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Update: I’ve isolated the problem to the fuel pump and an over-abundance of pressure, as per my last post, it’s over double the recommended amount. Through a small battery of tests, I have made very sure it is NOT the carburetor that is the issue.

The first time I rebuilt the pump, Then And Now sent me a diaphragm with spring assembly, a new pulsator gasket, and a new pump-to-engine gasket. Installed all, and the high-pressure was still there. So I called them back and spoke with the owner. We double-checked the pump casting numbers and he sent me an entire kit. Here’s where it gets confusing.

Pulled the spring and seal off the first new diaphragm assembly, and replaced it with the spring from the second kit, per his recommendation. Looked at the check valves and springs but they seemed fine so I left them alone. Re-installed the pump and the pressure is still high. Yanked it off again, and re-read his instructions, and the recommendation for pressure that’s too high (see the attached picture), is likely the check valves. So I pulled the check valves, installed new springs and new Viton seals. Upon installation of the new springs and seals, I felt sure I had finally discovered the issue, because the new seals moved up and down on the umbrella stems so much easier than the old ones, which seemed to have swelled on the stems and were binding, something I hadn't noticed before.

Put everything back together, and lo and behold, the cranking and operating pressure is still nearly 15 psi and the carb is still overflowing! :evil:

The only thing I can think to do now is to yank out the first replacement diaphragm they sent, remove the spring and re-install it on the second diaphragm that came with the spring. The edges of the newest diaphragm are key-notched, unlike the old one and the first replacement. Aside from this visual difference, the material thickness between the two new diaphragms looks the same.

I have a note from the owner of Then And Now that stemmed from our discussion about how to measure fuel pressure. He cites a Carter Carburetor Corp bulletin from 1955 (attached). In this article, they state to be sure that the hose between your T-valve and the meter is NOT longer than 6” or it will give you an abnormally high reading. Then And Now states you cannot measure pressure any other way or you won’t be getting accurate results the way Carter intended.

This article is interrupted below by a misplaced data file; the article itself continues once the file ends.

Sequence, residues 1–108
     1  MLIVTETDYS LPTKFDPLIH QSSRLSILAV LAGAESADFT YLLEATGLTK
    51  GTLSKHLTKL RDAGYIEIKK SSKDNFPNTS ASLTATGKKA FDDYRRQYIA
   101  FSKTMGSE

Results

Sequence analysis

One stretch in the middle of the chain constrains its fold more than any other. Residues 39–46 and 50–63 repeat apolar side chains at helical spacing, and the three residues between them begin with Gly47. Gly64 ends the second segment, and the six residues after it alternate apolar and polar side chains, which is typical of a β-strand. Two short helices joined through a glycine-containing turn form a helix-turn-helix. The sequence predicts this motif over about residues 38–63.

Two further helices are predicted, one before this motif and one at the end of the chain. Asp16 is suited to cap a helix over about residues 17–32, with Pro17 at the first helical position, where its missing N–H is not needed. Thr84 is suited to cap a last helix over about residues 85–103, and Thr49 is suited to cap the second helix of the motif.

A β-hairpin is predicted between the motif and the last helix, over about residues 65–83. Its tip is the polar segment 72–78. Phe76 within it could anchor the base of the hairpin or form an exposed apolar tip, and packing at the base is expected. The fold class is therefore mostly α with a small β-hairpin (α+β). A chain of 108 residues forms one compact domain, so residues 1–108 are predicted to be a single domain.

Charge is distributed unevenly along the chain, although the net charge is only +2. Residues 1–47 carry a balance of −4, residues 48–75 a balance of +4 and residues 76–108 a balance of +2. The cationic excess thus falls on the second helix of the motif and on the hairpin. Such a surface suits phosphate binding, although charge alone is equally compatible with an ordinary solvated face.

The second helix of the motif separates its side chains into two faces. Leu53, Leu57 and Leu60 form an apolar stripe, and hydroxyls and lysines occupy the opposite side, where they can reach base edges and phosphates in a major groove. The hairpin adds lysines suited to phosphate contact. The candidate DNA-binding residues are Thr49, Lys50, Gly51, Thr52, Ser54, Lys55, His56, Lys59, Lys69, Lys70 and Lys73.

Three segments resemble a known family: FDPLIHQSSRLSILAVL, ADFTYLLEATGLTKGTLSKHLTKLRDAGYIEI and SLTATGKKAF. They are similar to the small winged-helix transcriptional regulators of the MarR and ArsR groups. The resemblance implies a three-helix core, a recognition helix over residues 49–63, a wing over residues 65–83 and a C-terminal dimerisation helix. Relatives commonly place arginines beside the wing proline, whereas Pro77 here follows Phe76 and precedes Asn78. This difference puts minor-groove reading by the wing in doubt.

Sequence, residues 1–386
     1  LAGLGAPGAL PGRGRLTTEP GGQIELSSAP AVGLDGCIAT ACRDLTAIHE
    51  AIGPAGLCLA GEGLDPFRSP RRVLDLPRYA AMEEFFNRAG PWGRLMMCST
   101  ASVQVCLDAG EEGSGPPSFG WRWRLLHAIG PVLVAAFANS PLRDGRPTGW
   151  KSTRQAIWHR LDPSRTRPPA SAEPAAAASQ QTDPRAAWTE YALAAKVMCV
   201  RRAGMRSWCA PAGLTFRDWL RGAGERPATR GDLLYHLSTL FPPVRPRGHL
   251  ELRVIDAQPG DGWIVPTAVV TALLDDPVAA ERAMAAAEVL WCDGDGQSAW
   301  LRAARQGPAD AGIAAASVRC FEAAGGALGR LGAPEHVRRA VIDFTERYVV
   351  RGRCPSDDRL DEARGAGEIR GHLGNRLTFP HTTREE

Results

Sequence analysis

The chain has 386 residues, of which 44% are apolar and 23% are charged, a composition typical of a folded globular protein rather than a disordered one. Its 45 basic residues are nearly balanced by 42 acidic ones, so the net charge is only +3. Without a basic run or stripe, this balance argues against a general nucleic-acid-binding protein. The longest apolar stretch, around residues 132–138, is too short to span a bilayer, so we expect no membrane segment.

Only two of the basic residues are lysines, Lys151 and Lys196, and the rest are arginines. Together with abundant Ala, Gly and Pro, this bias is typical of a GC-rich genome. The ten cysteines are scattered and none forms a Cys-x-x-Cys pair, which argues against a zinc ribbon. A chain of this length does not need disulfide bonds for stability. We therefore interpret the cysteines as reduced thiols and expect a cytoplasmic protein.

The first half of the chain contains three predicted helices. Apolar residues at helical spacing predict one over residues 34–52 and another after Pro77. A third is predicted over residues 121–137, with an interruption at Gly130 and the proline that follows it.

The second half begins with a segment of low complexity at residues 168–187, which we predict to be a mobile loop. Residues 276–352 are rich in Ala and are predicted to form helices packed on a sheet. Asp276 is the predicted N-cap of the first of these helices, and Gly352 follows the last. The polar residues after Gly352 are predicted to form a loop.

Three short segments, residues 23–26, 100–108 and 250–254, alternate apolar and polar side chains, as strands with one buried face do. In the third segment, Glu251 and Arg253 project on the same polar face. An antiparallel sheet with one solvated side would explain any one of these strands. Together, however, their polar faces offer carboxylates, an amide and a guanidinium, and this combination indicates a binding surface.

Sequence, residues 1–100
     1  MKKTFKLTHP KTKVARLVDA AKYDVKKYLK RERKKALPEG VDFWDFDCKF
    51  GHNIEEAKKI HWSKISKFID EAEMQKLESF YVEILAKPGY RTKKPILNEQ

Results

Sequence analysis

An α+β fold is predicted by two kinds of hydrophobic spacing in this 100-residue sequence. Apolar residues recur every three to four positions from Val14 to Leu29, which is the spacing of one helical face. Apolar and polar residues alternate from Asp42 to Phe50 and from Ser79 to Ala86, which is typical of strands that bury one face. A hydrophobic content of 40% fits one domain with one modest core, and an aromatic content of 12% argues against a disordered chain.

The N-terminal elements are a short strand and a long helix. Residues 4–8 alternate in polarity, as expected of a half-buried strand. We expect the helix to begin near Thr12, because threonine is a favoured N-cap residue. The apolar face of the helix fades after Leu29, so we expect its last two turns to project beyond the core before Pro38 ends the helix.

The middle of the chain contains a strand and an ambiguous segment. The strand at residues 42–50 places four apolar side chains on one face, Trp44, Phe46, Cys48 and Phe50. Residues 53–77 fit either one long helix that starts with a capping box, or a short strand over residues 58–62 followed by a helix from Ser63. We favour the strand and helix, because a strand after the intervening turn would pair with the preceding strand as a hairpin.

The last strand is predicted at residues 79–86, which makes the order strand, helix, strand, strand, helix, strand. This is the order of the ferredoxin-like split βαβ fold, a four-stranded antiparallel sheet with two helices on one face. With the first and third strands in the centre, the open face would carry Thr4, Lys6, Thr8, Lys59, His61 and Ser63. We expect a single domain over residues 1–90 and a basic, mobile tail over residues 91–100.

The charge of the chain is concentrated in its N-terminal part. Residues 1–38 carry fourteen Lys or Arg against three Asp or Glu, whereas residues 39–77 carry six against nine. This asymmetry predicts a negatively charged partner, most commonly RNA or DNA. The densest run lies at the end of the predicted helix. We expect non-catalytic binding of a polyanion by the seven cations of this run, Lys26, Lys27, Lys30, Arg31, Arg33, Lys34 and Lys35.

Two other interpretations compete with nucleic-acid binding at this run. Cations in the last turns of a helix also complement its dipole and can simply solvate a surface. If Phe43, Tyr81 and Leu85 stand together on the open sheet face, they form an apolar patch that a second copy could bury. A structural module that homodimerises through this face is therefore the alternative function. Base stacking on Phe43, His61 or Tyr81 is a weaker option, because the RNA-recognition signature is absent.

Well….OK. My response is, but this bulletin was printed in 1955 and diagnostic equipment has evolved. The diagram in their bulletin shows a simple T-valve, hose and meter. At that time, there was likely no special pressure regulating valves within the less-than-6”-hose, it was probably all at the meter end and the short hose was to minimize fuel pulses affecting meter read.

I’m measuring my pressure with a T-valve, and a modern Actron fuel pressure meter. Which has a very long (much longer than 6”) hose from the T-valve to the meter head. The hose has pressure regulating fittings where it screws to the T-valve. My understanding of Actron’s gauge is these fittings help smooth out the fuel pulses to the liquid-filled meter. But the issue, according to the owner, could possibly be that I’m not following Carter’s pressure-measuring procedure, so I'm comparing apples-to-oranges.

Again…well, OK, but the fact is, my carburetor is still overflowing, so I still have too much pressure.

Sorry for the book. Does anyone have any other ideas? Something I’ve missed? I'm at my wits end!


Attachments:
Then & Now Auto Fuel Pump Rebuilding Guide-Too Much Pressure.jpg
Then & Now Auto Fuel Pump Rebuilding Guide-Too Much Pressure.jpg [ 97.15 KiB | Viewed 619 times ]
Carter Carburetor 1955 Bulletin.jpg
Carter Carburetor 1955 Bulletin.jpg [ 119.74 KiB | Viewed 619 times ]
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PostPosted: Sun Jan 28, 2018 3:19 pm 
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The pressure is determined by the diaphragm spring, not the valve springs. Assuming your pump is an original, it's a Carter M-2996s and that's what you need the kit for. Call 'im back, tell 'im you've still got 15 pounds, and ask him to please actually check the spring pressure on the next one he sends you.

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PostPosted: Sun Feb 18, 2018 11:45 pm 
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"All's well that ends well.." and "3rd time's the charm" as they say.

Had to go back and forth with Then & Now Automotive, and on the third try and after at least two conversations with their engineer, they sent a diaphragm with a different spring that had the correct pressure, which worked as soon as I installed it.

Hallelujah. Only took four months of on-again-off-again working on it to get it right. :roll:


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PostPosted: Mon Feb 19, 2018 9:13 am 
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Hoorah for persistence. Glad they finally owned it and fixed it.